Like a breath of fresh air, the Krayon Everywhere watch will soon swoop in to the high-end watch industry in Switzerland and introduce some sorely needed actual innovation. With a movement designed by a relative newcomer, and a presentation that has yet to be refined, Krayon Everywhere is the top-shelf mechanical indie watch we need in 2017.
Remi Maillat is the man behind Neuchatel-based Krayon (no relation to Crayola Crayons mind you), which is said by them to have been started in 2013 serving “prestigious clients as well as his own creations.” Note to the marketing department here (in fact all marketing departments). You never want the company to refer to some of its customers as prestigious. That implies that not all clients are “prestigious.” On top of that, this is a new brand so it pays to be a bit humble. Also, the name of your company is Krayon – a term associated by the vast majority of adults as something you used to smear crude drawings on off-colored newsprint paper when you were under 10 years old. At least in my life experience none of that screams “fancy mechanical timepiece.” Still, I’m open-minded.
The watch is called the Everywhere, which is of course, because the watch works everywhere. See the astute logic in that? The main technical speaking point is an intellectually stimulating idea that the movement has been turned into a simple calculator. The product of the calculation being the amount of light versus dark in a day, taking into consideration the seasons and the location of the place on earth you are in. Variables in the formula are set by the user, which I’ll further explain below.
Until now this was not a feat that mechanical watches could perform. What did exist is a watch that could tell you the sunrise or sunset time in a single city, with the latitude and longitude of the location being programmed into the movement when it is originally being set. If you wanted to know the sunrise and sunset time anywhere in the world and be able to adjust it yourself on the fly, then you’d be poorly limited to something electronic and probably made in Asia. Casio has been leading the market on sunrise/sunset time watches for all those people who have more simple sensibilities such as practicality and ergonomics. They are wonderful, functional, and very handy devices. But their snob cred is zilch. So now the Swiss pick up where the Japanese left off long ago and will now possibly make sunrise/sunset time the new haute complication in high-horological machines.
Many of today’s leading fresh watchmakers don’t just have a strict background in watchmaking, but also formal educations in micro-engineering. This is a particular form of engineering which some schools in Switzerland specialize in. These skills are in high demand, and are often used by the robotics, medical device, aerospace, prototyping, and watch industries. Often times the watch industry gets the least eligible new talent that gravitates to the larger industries demanding their attention. With that said, any micro-engineer seduced by watchmaking, or for those who see it as a business opportunity to commercialize their artistic sensibilities, tend to do well in the watch world. At least in Switzerland that is.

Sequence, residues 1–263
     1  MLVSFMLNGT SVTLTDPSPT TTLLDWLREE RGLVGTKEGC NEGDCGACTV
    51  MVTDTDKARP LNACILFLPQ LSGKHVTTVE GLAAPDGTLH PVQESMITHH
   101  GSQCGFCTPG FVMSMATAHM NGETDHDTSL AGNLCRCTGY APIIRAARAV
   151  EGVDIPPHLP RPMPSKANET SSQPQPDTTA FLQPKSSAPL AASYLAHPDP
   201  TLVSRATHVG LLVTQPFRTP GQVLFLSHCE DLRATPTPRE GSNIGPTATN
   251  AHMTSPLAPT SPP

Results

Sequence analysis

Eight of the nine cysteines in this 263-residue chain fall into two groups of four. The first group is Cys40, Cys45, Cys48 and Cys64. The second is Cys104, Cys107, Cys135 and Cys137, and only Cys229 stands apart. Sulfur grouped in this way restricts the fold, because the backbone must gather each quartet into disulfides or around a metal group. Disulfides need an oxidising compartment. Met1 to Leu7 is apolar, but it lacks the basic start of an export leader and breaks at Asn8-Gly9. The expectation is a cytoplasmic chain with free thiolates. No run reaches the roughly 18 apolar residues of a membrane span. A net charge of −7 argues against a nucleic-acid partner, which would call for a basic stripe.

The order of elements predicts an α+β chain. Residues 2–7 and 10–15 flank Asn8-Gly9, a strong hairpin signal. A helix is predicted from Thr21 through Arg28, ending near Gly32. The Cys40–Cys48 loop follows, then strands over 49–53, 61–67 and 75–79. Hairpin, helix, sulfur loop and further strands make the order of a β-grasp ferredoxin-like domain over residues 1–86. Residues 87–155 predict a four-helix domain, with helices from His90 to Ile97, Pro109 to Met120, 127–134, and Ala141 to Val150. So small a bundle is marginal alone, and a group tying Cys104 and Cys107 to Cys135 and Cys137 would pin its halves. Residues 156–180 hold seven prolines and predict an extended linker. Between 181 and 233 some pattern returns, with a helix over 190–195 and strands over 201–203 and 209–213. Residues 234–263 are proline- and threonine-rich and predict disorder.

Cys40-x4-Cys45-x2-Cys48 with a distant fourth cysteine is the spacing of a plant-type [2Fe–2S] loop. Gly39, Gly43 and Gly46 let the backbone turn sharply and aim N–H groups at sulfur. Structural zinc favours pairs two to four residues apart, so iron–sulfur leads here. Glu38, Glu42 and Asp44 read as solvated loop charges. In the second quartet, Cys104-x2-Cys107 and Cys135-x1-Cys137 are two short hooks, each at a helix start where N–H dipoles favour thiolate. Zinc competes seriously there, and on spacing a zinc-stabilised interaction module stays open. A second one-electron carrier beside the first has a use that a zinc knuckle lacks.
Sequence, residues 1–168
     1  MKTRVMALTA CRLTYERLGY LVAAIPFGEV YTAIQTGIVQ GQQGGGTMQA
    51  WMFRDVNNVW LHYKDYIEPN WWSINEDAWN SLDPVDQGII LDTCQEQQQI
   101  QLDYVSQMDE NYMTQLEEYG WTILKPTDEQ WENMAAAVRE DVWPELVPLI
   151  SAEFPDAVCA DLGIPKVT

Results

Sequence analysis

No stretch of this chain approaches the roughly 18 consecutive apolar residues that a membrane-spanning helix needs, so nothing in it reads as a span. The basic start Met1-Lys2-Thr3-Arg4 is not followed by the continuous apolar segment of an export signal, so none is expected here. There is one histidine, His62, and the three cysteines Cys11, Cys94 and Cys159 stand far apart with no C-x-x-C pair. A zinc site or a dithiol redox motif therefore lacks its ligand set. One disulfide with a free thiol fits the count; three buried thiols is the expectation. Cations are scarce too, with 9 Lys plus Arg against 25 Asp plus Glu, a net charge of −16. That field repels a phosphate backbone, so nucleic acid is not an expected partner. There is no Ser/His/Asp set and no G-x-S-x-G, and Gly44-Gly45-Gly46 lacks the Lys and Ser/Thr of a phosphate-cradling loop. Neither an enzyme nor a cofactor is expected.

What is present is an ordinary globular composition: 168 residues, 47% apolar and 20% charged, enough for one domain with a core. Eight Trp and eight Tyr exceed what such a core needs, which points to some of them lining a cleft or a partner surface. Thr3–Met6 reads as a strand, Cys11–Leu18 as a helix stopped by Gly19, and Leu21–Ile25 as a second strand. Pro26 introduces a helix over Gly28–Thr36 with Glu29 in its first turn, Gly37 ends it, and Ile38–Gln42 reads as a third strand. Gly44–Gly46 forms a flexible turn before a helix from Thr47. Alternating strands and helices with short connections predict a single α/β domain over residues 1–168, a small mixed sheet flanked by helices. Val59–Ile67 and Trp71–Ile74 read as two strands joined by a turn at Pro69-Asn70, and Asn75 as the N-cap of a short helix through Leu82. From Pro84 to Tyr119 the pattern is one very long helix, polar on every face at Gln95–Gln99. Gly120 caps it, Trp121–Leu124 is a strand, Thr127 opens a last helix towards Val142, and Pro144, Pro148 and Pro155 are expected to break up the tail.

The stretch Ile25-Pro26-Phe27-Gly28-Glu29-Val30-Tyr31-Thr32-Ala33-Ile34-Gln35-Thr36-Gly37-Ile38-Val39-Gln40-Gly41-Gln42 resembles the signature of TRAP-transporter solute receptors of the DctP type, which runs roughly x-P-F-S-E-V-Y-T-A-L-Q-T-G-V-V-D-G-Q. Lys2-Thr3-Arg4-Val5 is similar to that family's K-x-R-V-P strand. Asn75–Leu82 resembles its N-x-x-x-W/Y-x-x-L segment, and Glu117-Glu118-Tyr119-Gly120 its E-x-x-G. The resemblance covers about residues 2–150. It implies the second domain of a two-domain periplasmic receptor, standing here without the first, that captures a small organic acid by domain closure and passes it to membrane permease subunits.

Armed with an interest in craftsmanship and math skills, Remi Maillat is among the (still too few) new talents coming into the watch world to ensure it stays interesting. With that said, one can see how novices to the watch world can make a lot of mistakes. Even if the Krayon Everywhere product concept is great, you can see how the watch has design issues and certainly marketing ones. Though, in each of these is room for improvement and the brand is ripe with potential.
In classic style, the Krayon brand’s debut product – the Krayon Everywhere looks like an IWC mated with a Vacheron Constantin. The dial design challenge is no doubt tough – having to logically and attractively handle a lot of information. With that said, the dial is a jumble of colors and finishes that you know can’t look good in person. Polished silver hands on a shiny silver dial? That isn’t legible, but at the same time it is likely on purpose. Those hands are not meant to be used all the time, so you don’t want them being easy to see all the time. I love the promise here, and maybe in person I’ll feel different, but there isn’t quick enough elegance here for my tastes when it comes to more traditional looking designs.
The good news is that Krayon can take this same dial design and render it in many different ways. I think with a less traditional design angle these might be really cool. If you went traditional, I’d prefer a more harmonious mixture of design elements. When your eyes wander more than a few seconds and you aren’t sure what to look at first, then you know there is a lot going on.
Again, I want to compliment the intense effort of the design as it is now. While I think it has room to improve, you can see a steady level of attention to detail in as many places as possible. If all the watches the big brands released had this attention to ergonomic detail, then I think we’d be seeing a timepiece market with a lot more best sellers.
The last watch that I wore which looked like the Krayon Everywhere was from California-based Yes. The not too well-known company produced an analog/digital version of basically this dial concept – only the Yes watches do a lot more. With that said, the basic idea of the dial is to combine a central 24 hour hand which makes one full revolution each day, with a variable peripheral scale showing the times of the day when it will be light and those hours which are dark.